3. Clear Labeling Systems

Throughout an organisation, there are various types of labelling systems. For example, if you are using a picking cart, there is the standard barcode label that is used on the outside of the warehouse. A sticker on the picking cart may also have the product information. Using a conveyor system, you may have standard barcode labels on the product or the containers with the product. A radio frequency identification (RFID) tag may also be attached to the product or container.

Regardless of the type of labelling system that you use, it must be clear, legible, and accurate. In other words, you need to be able to read the label and know exactly what it represents. An unclear labelling system can lead to theft, picking the wrong items, and misplacing products. Poor legibility of labels can result in customers not understanding what they represent. Incorrect label information, such as the wrong bin or product number, can result from an inaccurate labelling system.

4. Quality Assurance

Ensuring high-quality assurance and quality control is vital for the accuracy and efficiency of warehouse operations. Quality assurance encompasses activities like correct usage of picking carts, routine maintenance and cleaning of conveyor systems, and accurate programming of routes. Quality control ensures that the final product adheres to the desired quality standards. Together, these practices ensure smooth and error-free warehouse operations.

Incorporating a WMS significantly bolsters both quality assurance and control processes. A WMS provides systematic guidelines and checks for tasks like picking and packaging, ensuring every step is carried out correctly. It can offer real-time tracking and monitoring of equipment performance, prompting timely maintenance and preventing breakdowns. Additionally, a WMS can optimise picking routes and manage inventory efficiently, reducing errors and enhancing productivity. The system’s ability to record and analyse data also aids in identifying areas for improvement, ensuring continuous enhancement of quality and efficiency. By integrating a WMS, warehouses can uphold high-quality assurance and control standards, improving operations and customer satisfaction.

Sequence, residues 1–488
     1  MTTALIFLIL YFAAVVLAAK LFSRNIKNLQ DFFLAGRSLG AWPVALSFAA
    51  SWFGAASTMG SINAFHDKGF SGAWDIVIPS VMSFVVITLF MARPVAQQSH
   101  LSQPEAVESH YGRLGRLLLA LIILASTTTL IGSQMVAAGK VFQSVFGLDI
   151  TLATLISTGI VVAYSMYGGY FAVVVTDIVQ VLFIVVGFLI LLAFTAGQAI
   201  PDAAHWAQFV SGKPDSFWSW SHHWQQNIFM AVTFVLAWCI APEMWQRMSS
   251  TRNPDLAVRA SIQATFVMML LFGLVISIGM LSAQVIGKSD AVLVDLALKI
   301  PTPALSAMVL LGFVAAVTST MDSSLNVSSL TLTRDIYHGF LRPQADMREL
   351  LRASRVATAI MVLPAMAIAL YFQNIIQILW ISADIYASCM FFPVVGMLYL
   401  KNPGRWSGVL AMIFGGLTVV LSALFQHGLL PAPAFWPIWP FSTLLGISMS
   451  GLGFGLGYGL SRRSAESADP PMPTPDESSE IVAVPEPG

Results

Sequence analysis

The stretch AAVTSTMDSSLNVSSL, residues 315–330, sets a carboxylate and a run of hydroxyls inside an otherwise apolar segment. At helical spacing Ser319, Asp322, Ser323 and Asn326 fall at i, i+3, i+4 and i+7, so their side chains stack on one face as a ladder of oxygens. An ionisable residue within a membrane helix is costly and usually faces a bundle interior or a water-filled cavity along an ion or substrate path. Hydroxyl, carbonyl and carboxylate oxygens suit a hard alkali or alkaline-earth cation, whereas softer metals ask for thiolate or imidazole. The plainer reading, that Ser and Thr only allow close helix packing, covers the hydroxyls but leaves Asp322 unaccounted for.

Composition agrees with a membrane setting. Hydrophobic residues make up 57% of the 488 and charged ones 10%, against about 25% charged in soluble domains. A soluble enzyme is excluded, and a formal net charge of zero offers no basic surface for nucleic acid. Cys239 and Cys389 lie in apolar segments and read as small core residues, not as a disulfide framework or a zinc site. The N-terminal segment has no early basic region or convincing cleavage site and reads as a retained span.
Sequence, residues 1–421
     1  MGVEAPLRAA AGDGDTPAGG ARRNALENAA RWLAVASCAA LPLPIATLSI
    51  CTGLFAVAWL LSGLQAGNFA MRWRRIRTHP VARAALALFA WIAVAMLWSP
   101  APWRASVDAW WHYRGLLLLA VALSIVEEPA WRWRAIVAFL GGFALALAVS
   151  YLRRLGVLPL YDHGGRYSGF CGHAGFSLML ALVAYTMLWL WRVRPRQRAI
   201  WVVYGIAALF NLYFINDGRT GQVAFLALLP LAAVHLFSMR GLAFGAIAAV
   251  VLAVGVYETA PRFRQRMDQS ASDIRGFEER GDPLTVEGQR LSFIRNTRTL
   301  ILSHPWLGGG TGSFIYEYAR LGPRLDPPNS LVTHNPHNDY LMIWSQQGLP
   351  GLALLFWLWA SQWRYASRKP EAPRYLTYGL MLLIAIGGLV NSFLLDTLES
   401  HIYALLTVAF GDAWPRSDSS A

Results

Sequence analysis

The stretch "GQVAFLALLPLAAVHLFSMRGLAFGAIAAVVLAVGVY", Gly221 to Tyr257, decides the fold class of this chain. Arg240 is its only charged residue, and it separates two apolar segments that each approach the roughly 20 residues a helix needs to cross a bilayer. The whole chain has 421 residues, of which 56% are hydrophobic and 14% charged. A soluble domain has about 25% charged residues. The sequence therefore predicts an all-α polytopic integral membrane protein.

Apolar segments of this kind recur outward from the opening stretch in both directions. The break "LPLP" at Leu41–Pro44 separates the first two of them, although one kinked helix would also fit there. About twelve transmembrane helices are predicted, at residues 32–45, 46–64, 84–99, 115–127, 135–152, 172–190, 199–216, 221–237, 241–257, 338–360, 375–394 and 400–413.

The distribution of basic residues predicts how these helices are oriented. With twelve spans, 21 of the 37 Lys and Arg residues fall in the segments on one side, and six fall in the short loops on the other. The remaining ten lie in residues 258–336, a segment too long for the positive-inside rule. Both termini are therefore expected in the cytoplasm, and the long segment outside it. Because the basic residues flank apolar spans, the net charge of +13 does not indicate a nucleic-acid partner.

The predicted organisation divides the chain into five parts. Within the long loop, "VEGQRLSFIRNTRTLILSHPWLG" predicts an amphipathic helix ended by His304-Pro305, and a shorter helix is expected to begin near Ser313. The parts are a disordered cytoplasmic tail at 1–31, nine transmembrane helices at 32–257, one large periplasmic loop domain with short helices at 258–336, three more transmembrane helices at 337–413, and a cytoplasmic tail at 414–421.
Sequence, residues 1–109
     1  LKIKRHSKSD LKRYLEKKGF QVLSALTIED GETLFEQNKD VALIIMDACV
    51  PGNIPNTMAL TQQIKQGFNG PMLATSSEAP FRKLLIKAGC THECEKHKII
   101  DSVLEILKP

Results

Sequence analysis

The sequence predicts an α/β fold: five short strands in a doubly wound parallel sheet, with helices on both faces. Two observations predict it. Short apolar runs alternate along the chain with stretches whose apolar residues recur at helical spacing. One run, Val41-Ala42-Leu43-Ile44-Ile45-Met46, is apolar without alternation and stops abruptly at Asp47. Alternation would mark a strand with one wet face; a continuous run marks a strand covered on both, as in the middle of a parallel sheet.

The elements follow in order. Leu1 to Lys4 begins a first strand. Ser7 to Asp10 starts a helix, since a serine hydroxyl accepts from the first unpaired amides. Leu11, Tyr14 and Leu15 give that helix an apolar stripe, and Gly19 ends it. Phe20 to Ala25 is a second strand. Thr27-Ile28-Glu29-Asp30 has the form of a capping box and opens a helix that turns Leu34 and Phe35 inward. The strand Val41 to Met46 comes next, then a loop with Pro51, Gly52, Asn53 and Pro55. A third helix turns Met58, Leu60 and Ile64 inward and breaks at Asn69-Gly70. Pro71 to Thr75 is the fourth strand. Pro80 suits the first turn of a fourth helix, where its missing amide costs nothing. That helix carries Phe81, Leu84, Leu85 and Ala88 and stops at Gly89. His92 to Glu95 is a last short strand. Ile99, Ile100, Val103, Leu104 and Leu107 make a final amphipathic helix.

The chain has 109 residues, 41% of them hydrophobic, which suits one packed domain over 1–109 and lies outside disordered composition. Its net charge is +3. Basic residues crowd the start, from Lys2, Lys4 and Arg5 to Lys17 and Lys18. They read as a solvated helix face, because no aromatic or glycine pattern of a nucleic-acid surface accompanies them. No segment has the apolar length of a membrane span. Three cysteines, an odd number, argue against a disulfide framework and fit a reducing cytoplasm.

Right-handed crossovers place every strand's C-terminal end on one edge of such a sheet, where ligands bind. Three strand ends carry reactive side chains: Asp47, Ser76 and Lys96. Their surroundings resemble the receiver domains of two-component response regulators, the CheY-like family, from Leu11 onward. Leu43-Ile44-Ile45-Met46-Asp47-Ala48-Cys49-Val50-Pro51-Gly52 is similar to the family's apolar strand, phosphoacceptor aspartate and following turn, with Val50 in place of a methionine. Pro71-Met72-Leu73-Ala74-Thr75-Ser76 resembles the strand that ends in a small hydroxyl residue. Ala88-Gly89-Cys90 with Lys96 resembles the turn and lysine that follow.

5. Well-Supported Putaway Logic

Putaway is a critical process in warehouse management, where goods are stored and organized for easy retrieval. Selecting the right putaway logic, such as pick-in-first-out (PIFO), pick-in-first-out-reverse (PIFOR), random, or destination, is essential to ensure items are accessible and inventory is managed efficiently. Data and ease of implementation should support the chosen method, as any ambiguity can lead to issues with accuracy and efficiency. For instance, adhering to PIFO logic may be challenging if items are delivered randomly, highlighting the importance of aligning putaway logic with actual warehouse operations.